Everyone is at their best when they have enough to eat, but there are many life storms that make it difficult for Coloradans to afford healthy food. Having enough food supports the foundation for optimal health and well-being throughout our lifecycle. Nutritious food helps develop babies’ brains and bodies, gives kids the energy to excel in and out of school, reduces the risk of chronic diseases in adults, and keeps seniors stable and independent.
Yet, nearly 1 in 8 Coloradans struggle to make ends meet and put food on the table, whether due to a job loss, health issue, minimum-wage job or another misfortune. It’s estimated that about 1 in 5 kids and 1 in 8 Colorado seniors don’t know when or where they will get their next meal. (Read more facts.)
Hunger affects too many in our great state; you may have family members, neighbors, co-workers and friends who don’t always have enough money to afford food. On a tight budget, people often have to choose between paying rent or buying needed medications instead of purchasing groceries. They may have to turn to already-strained food pantries and faith-based groups distributing emergency food, just to make ends meet.
Just as constructing a solid house requires a variety of materials, building well-being requires community resources like access to healthy, affordable food. When materials are cheap or not even available, the foundation is not as strong as it could be and soon may develop cracks. Similarly, nutritious food is one of those key materials for all people, and without it, we may have difficulty weathering life’s storms.
Federal nutrition programs, along with state and local counterparts, play an important role in connecting people of all ages, backgrounds and zip codes to needed food. By working together and supporting people throughout their lives, we can ensure everyone reaches their potential, which benefits all of us.
Hunger, though often invisible, affects everyone. It impacts a person’s health and can be a culprit of obesity, acute and chronic illnesses, and other medical concerns. When we don’t address the issue on the front end through programs like food stamps, we end up footing the bill for preventable conditions in the future. Hunger hinders education and productivity, not only stunting a child’s overall well-being and academic achievement, but swallowing an adult’s ability to full contribute and reach their potential.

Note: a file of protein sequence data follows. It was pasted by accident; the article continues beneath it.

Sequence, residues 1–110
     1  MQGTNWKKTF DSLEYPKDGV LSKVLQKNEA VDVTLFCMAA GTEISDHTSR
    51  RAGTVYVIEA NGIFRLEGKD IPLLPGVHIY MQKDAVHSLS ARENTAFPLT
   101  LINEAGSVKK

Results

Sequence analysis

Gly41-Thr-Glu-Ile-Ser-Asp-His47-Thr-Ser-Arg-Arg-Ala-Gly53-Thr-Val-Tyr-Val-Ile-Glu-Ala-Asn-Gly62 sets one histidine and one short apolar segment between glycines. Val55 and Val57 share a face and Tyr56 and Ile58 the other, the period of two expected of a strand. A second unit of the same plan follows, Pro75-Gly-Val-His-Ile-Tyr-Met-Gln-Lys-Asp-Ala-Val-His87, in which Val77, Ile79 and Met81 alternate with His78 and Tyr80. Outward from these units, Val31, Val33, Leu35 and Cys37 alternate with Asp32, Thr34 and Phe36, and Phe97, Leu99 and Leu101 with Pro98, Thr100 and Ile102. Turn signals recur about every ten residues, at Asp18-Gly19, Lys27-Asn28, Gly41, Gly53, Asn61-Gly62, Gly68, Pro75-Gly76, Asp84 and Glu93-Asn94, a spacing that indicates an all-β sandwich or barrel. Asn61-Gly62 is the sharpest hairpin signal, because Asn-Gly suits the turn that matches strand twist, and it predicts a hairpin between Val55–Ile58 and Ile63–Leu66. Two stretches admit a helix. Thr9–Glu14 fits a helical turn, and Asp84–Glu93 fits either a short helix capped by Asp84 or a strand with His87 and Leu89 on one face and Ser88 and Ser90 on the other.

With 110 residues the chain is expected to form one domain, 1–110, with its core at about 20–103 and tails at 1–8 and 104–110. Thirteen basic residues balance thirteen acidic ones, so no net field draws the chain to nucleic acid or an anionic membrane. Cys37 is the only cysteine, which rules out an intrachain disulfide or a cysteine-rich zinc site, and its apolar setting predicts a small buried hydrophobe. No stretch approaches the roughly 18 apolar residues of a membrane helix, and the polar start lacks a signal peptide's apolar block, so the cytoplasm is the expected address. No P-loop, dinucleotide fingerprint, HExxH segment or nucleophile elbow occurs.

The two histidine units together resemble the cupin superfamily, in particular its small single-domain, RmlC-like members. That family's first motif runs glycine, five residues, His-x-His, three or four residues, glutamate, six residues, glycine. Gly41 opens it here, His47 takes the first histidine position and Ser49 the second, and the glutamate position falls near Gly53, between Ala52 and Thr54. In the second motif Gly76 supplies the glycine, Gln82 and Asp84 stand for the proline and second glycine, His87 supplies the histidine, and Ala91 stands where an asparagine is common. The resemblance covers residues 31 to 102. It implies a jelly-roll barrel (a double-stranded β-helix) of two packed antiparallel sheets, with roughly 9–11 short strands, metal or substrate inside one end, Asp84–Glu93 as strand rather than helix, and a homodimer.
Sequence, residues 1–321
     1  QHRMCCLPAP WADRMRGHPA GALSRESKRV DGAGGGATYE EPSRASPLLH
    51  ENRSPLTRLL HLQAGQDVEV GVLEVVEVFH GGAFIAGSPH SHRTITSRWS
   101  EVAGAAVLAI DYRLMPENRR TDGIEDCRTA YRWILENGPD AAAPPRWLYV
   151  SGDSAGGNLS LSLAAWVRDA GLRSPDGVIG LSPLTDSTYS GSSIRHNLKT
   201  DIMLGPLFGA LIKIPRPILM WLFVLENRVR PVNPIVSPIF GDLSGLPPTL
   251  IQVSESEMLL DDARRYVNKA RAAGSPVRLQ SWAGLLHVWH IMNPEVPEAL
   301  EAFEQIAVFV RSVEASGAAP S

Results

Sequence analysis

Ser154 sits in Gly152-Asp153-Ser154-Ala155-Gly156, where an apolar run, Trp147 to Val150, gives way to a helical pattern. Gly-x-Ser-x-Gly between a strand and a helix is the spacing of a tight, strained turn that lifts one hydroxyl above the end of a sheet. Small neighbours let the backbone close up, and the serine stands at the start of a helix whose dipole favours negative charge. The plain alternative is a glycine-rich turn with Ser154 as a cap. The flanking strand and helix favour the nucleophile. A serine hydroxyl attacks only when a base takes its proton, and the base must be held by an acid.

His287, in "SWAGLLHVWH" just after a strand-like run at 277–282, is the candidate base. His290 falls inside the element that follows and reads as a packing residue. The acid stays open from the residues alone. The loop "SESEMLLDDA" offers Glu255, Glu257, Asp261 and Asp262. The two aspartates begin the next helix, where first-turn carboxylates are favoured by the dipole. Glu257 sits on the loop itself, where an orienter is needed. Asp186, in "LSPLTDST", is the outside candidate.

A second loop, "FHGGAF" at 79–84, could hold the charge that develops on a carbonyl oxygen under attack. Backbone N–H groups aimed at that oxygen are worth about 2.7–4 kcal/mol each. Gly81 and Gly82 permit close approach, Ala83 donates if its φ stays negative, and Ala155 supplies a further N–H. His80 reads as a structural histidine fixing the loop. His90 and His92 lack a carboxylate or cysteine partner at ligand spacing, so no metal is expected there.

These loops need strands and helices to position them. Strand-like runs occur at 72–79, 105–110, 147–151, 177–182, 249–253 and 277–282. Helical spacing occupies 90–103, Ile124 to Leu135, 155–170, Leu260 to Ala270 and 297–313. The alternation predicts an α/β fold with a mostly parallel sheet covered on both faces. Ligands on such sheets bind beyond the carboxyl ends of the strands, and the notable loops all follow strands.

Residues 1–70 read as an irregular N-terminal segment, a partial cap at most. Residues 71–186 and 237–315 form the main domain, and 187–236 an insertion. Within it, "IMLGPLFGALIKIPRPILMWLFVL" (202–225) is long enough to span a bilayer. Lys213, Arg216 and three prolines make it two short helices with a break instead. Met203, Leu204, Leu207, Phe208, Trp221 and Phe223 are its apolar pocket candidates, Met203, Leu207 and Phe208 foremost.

Even those who have never worried about buying food experience the ripple effect of hunger, which seeps into our communities and erodes our state’s economy.
Community-based programs and organizations cannot solve hunger alone. The federal government, along with its state and local counterparts, play an important role in ensuring children, adults and seniors don’t have to worry about when or where they will get their next meal. It’s estimated that federal nutrition programs fund over 20 times as much food assistance as private charitable sources (per Bread for the World), so it would be impossible for the already-strained food pantries, faith-based groups and other community organizations to fill that gap completely.
Food pantries, faith-based groups and other community-based organizations often act as the “first responders” when people experience an unexpected life storm, but they do not have the capacity to feed every person. Such a shift would lead to even more Americans experiencing hunger; thus, having an even larger ripple effect with impacts on individual health and well-being, education and productivity, and our state’s and nation’s economy.
Cuts to food stamps would not provide noticeable savings to taxpayers and, instead, hurt working families, children, veterans and seniors—and weaken our communities. The Supplemental Nutrition Assistance Program (SNAP) only makes up a tiny portion—about 2%—of the annual federal budget. Budget slashes or changes would make hunger worse, with the ripple effect being felt across the state and nation. More working families could have to choose to pay rent instead of buying food; a senior on a fixed income may wonder how they’ll pay for needed medication and food that helps control their diabetes; and more kids would go to school hungry, inhibiting their ability to succeed in the classroom and life.
Food stamps support retailers and our state’s economy. In Colorado, food stamps helped create 71,985 jobs between 2008 and 2012, and it generated an estimated $3.1 billion in federal funding for Colorado retailers, including grocery stores and farmers markets, in the past five years. Further, every $1 increase in food stamp benefits generates about $1.70 in economic activity, boosting our state’s economic health. Simply put, food stamps makes dollars and sense for Colorado.
Food stamps invest in our residents and communities. The program offers reinforcement for Coloradans of all ages, backgrounds and zip codes when an unexpected life storm hits. Protecting and strengthening the program would be an investment in better, healthier lives and stronger, thriving Colorado communities.